Examples of this type of shirt: J. Crew Secret Wash Shirt; H&M Poplin Shirt; GAP Pattern Oxford Shirt; Uniqlo Slim Fit Oxford Long Sleeve Shirt

The business shirt

Via J. Crew

Business shirts usually do not have a button-down collar, and it’s collar and cuffs are stiffer. They’re usually made from a thinner soft cotton twill or poplin weave, and are often found in blue tones in solid colors or with a subtle pattern. Wear them with dress slacks and a jacket, or dress down a little with chinos. This shirt is medium formality, and can be worn in business settings, or at less formal events. If you’d like to add a tie, silk is a good choice.

Examples of this type of shirt: J. Crew Ludlow Slim-Fit shirt; GAP Zero-Wrinkle Shirt; H&M Premium Cotten Shirt; Uniqlo Easy Care Striped Stretch Slim-Fit Shirt

The dress shirt

Via J. Crew

Dress shirts are the thinnest of the shirts shown here, as they’re made to be worn under a suit jacket. They usually don’t have pockets, and their collars are stiff and sometimes spread wide like the example above, though often dress shirts have a slightly less formal point collar. They may have collar stays, which are plastic or metal pieces inserted into small pockets under each collar point to keep them stiff (remove collar stays while washing and ironing). The cuffs are either buttoned, or have button holes for cufflinks.

This is the most formal shirt listed here, and should be worn with a suit and silk tie to weddings or formal business meetings. If you’re wearing a spread collar, a thicker knot like a Half or Full Windsor fills the space better than a Four in Hand knot (see the differences here).

Examples of this type of shirt: J. Crew Tall Ludlow Spread-Collar Shirt; Brooks Brothers Box Check Non-Iron Dress Shirt; Uniqlo No-Iron Slim-Fit Long-Sleeve Shirt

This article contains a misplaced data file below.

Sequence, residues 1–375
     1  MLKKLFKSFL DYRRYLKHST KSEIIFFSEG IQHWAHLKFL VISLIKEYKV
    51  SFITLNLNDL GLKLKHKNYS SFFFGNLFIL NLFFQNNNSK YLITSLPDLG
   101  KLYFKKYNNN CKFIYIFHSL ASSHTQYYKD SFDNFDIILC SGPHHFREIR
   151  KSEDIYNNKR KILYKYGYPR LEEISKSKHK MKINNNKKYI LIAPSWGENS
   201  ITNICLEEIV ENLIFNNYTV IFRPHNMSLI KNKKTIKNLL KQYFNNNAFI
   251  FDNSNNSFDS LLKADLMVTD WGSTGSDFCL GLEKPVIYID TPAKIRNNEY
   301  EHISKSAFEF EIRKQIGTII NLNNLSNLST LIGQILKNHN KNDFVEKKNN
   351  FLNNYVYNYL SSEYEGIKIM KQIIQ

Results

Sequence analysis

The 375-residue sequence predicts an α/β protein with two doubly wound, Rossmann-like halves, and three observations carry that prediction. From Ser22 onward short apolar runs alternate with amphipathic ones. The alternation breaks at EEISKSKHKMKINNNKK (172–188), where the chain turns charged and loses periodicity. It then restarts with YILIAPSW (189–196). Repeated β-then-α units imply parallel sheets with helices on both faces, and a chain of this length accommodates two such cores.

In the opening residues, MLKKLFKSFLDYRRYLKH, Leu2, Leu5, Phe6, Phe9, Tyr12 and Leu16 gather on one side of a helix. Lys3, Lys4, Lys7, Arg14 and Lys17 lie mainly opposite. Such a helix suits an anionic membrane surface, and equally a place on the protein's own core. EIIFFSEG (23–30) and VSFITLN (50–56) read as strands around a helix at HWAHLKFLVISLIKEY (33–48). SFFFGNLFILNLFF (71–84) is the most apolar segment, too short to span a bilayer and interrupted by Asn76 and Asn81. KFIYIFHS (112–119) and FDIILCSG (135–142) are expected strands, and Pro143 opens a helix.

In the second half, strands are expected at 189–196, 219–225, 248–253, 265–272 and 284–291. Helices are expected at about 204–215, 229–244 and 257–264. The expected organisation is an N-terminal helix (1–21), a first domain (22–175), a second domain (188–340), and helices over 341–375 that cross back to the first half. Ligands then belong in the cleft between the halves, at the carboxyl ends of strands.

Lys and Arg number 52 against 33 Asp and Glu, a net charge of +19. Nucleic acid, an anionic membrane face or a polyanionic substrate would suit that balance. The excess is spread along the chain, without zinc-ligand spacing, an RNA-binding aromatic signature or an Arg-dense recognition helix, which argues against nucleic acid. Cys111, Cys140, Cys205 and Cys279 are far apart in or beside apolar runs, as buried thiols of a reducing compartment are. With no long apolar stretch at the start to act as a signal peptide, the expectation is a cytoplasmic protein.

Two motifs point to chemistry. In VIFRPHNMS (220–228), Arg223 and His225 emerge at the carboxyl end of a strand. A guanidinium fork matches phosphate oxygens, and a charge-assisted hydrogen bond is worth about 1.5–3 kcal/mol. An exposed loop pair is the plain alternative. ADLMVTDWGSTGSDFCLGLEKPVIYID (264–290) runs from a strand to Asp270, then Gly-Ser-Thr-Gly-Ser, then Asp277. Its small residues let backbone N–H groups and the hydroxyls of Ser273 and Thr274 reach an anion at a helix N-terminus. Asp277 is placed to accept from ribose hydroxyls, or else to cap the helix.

I can’t remember all that!

It’s cool; just save the below image to your phone, and refer back to it when you go shopping.

How is each kind of shirt styled?

Casual shirts with flat hems are made to be worn untucked, while U-shaped hems should be tucked into your waistband (line up your shirt seam line, and your belt buckle if applicable, with your pants fly). If you’re wearing your shirt unbuttoned over a tee or tank top, leave it untucked; if you’re wearing a blazer, sweater, or vest over your shirt, tuck your shirt in.

If your tie is tied, make sure your top button is also buttoned (you can always loosen your tie and unbutton the top button when it’s time to relax or if you’re out dancing). To roll up your sleeves, unbutton all of your arm buttons and fold each sleeve three times; then, if you want to, you can push the roll up past your elbow. When you’re done, don’t forget to button all the buttons back up again.

As with any rules, feel free to break them once you know them.

What about fit?

A good fit is hard to find! A shirt fits correctly when:

  • The shoulder seam lines up with the edge of your shoulders
  • The cuff ends at the base of your thumb where your palm begins (so it completely covers your wrist)